The effect of Japan’s one-parent rule is that the parent who does not have custody has no rights whatsoever in Japan to exercise any of the inherent rights of a parent. If both of a child’s parents are good parents but are unable to agree on custodial matters, Japanese law requires that one of the parents must automatically be stripped of all of his or her rights concerning the child (with the very limited exception of an extremely limited visitation right). The courts in Japan have no discretion in this regard. The one-parent rule is mandatory and totally inflexible.
On September 27, 2019 the Japanese Justice Ministry announced that it “will launch a study by the end of this year on whether to introduce a system of joint custody in Japan, where child custody is awarded to one parent after divorce” and that the panel will then spend “more than a year compiling a report.” However, it is far from clear that the necessary changes will be made, since the proposal to modify the law has already generated substantial opposition.
It is alien to Japanese tradition and Japanese law for a child’s parents to have any significant sharing of parental responsibility upon a family break-up. When parents separate in Japan, one parent invariably takes the child and the other parent largely or entirely disappears from the child’s life. It is an extension of the traditional Japanese custom that children belong to a family and can be registered on the official Japanese koseki (family register) of only one family. Thus, the one-parent rule is not merely the mandated law but it is also the societal norm. Indeed, it is considered entirely inappropriate in Japan for the parent who does not have custody of a child to interfere with family peace. and with the child’s best interests, by demanding more than occasional and extremely limited contact with a child. It is also considered to be entirely inappropriate for a Japanese court to interfere with family peace by taking any significant action against the parent who is in possession of a child except for suggesting and encouraging mediation or conciliation in the context of the rule that a child “belongs” to the one parent (and his or her family) that has custody of the child.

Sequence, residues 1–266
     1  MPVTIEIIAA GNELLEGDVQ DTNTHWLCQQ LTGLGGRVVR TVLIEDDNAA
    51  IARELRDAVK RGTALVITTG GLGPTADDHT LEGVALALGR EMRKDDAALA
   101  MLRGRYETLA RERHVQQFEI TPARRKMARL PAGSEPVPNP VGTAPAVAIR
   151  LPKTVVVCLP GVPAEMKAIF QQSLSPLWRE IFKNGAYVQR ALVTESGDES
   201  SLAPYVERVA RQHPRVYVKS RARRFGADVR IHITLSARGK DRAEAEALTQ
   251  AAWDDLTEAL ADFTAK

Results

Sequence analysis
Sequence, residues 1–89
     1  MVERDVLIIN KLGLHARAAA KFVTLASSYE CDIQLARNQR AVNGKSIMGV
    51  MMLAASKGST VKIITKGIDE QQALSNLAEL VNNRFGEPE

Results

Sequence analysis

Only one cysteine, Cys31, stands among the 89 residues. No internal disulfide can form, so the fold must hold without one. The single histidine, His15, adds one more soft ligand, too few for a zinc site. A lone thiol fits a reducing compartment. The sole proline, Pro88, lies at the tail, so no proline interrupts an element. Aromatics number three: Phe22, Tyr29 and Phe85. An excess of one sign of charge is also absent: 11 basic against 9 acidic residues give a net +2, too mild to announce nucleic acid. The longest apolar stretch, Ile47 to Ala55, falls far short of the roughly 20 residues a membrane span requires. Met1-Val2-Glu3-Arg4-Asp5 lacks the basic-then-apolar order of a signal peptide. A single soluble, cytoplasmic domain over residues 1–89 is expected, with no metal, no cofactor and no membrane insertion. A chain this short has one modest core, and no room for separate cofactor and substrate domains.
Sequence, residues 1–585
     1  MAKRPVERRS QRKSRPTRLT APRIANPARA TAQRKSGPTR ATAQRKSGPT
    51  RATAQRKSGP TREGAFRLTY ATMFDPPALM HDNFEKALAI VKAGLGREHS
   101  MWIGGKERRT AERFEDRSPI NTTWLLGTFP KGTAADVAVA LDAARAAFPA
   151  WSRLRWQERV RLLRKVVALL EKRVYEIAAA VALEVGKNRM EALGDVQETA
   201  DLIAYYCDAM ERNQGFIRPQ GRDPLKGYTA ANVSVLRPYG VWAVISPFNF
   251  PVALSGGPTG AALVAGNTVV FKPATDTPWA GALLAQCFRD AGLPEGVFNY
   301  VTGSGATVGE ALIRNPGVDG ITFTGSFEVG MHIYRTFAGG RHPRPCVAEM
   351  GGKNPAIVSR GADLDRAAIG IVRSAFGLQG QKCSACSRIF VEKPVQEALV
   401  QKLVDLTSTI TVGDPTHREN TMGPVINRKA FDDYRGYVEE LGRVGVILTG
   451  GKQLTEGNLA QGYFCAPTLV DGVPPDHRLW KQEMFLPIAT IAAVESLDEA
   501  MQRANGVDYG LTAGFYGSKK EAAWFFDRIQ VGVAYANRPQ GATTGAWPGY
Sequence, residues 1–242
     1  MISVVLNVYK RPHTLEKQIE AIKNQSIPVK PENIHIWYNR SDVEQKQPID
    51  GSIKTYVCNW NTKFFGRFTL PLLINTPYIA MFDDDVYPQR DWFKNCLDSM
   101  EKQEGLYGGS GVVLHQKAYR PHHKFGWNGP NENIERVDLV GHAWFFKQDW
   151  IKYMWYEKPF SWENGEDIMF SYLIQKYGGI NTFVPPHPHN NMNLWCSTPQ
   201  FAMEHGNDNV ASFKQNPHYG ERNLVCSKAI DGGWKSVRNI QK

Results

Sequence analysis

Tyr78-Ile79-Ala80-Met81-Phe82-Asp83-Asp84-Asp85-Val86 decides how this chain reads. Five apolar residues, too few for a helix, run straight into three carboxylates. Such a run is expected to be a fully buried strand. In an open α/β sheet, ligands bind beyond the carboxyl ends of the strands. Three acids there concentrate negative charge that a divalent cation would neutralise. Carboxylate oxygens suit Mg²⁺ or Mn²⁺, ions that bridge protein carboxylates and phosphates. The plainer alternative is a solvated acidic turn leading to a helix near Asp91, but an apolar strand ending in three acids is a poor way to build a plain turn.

A significant reason for the one-parent rule, as well as the concomitant practice of drastically limiting child visitation, is to allow and encourage the custodial parent to establish a new family with a new spouse. It is common in Japan for a custodial parent’s new spouse to adopt a child from a prior marriage. Thus, if the noncustodial father has significant contact with his child, it would significantly hinder the mother’s opportunity to remarry, which would be considered in Japan to be unfair to both the mother and the child.
I have worked with Japanese counsel on several cases in which we tried to create a shared decision-making regime for children living in Japan, even when both parents agreed to continue living in Japan. Unfortunately, all such efforts were entirely unenforceable and unworkable, and all efforts to secure the meaningful intervention of the Japanese courts to enforce the terms of the parents’ prior stipulated orders proved entirely futile.
Japan’s one-parent rule violates the fundamental human rights of a child to have two parents in his or her life and of a parent to have his or her child in his or her life. It is also plainly contrary to the best interests of a child to be deprived arbitrarily and automatically of his fundamental right to be parented by two parents.